BALTIMORE — Having already gotten this far against all odds, the Baltimore Orioles aren’t about to let another key injury and the pressure of being in a pennant race deter their effort to secure a postseason berth for the first time since 1997.
With 22 games left in the regular season, the Orioles trail the New York Yankees by one game in the AL East and are a game up in the wild-card race. It’s rather heady stuff for a team that finished in last place in each of the past four years, part of a run of 14 successive losing seasons.
No one expected them to be pressing the Yankees in July, let alone September, so why should the Orioles get nervous now?
“We’re a loose bunch of guys because people picked us not to be here,” said closer Jim Johnson, whose 42 saves are a key to Baltimore’s success. “So it’s easy to relax and just play a game and just do what we’re capable of doing. That’s kind of what we’ve been doing all year.”
The Orioles have overcome the stigma of a losing culture and a myriad of injuries to become of the most surprising teams of 2012. Sixteen different players have gone on the disabled list, including staff ace Jason Hammel, who recently rejoined the starting rotation.
Even worse, manager Buck Showalter has already lost three leadoff hitters to injury – Nolan Reimold, Brian Roberts and now Nick Markakis, who broke his left thumb Saturday when hit by a pitch from New York’s CC Sabathia.
Since being moved atop the batting order, Markakis was batting .335 over 54 games. Baltimore won 33 of them. The right fielder also won a Gold Glove last year.
Markakis waited his entire career to be part of a postseason run, and now he’s got to watch from the dugout. The Orioles have every intention of pressing on without him, knowing he might be back in action if they can continue to play into October.
“It’s disappointing to lose a guy like Nick,” reliever Kevin Gregg said. “He means a lot to this team and what he’s done for us, especially in the leadoff spot since coming back. But luckily we’ve had 35 guys contribute to this team in significant ways. Hopefully we have the same ability to step up the rest of the way.”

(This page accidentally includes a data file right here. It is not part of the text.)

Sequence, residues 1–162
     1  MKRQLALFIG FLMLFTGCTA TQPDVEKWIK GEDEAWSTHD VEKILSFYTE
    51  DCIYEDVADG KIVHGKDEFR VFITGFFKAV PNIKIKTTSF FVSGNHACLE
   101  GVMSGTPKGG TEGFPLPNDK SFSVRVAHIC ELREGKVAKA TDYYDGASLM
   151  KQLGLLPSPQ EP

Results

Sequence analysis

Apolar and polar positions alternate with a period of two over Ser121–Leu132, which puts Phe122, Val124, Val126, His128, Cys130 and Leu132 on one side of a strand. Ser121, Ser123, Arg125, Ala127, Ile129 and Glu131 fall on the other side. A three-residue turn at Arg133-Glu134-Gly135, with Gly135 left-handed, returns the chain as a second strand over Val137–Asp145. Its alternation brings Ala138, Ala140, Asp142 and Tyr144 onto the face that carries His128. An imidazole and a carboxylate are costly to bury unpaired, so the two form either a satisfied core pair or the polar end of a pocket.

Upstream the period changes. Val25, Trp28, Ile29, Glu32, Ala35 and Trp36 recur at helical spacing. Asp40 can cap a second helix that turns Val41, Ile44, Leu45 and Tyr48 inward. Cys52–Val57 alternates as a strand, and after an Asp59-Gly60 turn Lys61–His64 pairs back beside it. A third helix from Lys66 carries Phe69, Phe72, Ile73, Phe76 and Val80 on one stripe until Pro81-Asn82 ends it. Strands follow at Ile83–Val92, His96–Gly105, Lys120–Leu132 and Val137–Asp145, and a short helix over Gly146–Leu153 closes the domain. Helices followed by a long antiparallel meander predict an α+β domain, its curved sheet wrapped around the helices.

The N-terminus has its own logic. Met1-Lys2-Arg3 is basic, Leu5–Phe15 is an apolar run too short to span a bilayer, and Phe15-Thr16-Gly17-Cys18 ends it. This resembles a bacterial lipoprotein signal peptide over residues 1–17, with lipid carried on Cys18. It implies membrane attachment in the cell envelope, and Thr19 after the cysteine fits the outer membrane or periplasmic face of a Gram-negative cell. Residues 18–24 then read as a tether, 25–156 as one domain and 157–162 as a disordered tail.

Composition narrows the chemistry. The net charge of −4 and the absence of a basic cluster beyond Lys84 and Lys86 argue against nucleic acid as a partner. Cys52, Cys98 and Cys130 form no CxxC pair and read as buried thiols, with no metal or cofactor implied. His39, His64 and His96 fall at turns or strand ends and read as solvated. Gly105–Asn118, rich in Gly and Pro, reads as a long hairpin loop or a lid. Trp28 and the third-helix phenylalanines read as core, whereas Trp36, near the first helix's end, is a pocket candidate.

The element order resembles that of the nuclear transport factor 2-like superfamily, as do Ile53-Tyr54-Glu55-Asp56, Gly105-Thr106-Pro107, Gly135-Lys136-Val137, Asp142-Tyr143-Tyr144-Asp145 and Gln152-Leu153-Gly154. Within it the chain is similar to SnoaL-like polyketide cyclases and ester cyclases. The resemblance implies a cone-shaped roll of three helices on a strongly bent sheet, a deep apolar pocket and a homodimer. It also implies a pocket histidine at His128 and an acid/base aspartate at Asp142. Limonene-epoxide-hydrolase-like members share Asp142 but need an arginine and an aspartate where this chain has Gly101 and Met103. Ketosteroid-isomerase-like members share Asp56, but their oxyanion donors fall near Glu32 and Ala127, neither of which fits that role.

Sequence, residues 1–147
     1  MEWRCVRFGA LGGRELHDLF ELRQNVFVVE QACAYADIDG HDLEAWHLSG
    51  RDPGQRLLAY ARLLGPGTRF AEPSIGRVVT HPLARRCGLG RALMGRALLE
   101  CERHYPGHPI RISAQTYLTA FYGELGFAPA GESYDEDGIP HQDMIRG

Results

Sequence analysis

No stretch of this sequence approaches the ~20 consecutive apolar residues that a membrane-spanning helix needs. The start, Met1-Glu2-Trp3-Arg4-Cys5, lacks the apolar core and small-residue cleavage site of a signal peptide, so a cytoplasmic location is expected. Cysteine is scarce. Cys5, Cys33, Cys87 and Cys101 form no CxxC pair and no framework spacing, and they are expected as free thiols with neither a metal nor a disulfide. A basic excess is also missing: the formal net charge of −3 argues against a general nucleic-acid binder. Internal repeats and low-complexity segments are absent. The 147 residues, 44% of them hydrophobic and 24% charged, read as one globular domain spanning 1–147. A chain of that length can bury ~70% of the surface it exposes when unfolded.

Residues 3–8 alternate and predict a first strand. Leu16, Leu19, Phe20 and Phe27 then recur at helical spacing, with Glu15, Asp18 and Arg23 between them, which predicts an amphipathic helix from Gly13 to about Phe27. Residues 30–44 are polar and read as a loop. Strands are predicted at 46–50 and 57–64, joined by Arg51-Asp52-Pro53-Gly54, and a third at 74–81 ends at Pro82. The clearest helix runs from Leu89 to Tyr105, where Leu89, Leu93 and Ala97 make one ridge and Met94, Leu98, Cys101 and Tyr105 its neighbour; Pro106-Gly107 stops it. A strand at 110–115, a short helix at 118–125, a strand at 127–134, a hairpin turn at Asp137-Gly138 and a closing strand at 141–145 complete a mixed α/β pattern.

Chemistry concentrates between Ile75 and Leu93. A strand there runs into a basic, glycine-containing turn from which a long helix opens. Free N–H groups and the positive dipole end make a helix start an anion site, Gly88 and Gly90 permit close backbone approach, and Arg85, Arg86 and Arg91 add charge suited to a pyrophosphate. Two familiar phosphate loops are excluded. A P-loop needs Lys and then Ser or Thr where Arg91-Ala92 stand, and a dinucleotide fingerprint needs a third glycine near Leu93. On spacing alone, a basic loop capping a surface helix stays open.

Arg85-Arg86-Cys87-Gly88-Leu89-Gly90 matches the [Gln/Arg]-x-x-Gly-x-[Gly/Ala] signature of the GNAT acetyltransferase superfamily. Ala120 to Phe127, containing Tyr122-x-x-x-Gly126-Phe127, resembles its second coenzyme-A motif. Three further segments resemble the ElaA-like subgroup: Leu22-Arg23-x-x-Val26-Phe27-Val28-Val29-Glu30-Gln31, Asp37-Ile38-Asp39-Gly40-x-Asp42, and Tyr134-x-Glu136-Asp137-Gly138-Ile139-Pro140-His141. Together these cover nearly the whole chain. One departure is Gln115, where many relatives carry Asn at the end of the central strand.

This isn’t the first trip to the disabled list for Markakis this season; he missed all June to repair a broken bone in his wrist. The Orioles survived his absence then, and fully intend to do it again.
“It all contributes to thoughts this team has about itself going forward,” Gregg said. “Every team has injuries, every team has to deal with players going down. The teams that stay in it are the ones that make the adjustments and have guys step up.”
Signed to a minor league contract on May 18, Ford homered and drove in two runs in Saturday’s 5-4 win over New York. McLouth, signed as a minor leaguer in June, has a .346 on-base percentage in 33 games and appears to be the new choice at the leadoff spot.
Sure, the Orioles are better team with Markakis in the lineup. But they’re still pretty good without him.
“You’ve got to look at as an opportunity,” Showalter said. “It’s like in the movie Apollo 13, the great scene where they say, ‘This has a chance to be a terrible disaster,’ and the guy who runs the control room says, ‘No, I think it’s got a chance to be our finest moment.’ That’s the way you have to look at it. You’ve got a chance for someone else (to excel). It’s kind of what this club’s been about all year.”
And that is precisely why the Orioles dismiss the notion that they’re going to wilt under the pressure of being in the middle a pennant race. To the contrary, they’ve been waiting years for this kind of opportunity. After splitting four games with New York over the weekend, Baltimore’s next challenge is a three-game series with the contending Tampa Bay Rays that begins Tuesday.
“This is what it’s about. This is fun. This is baseball,” center fielder Adam Jones said.
Johnson, who’s been an Oriole since 1996, was asked this weekend if it was fun playing the Yankees for first place in baseball’s toughest division.
“Yeah, absolutely,” he said. “Being where we are in the standings and knowing where we can be at the end of the year, after having so many (lousy) teams and losing seasons, yes. We’ve been on the awful side of being stomped in blowout losses in September, looking for football season to start and all that. So obviously we’re enjoying this.”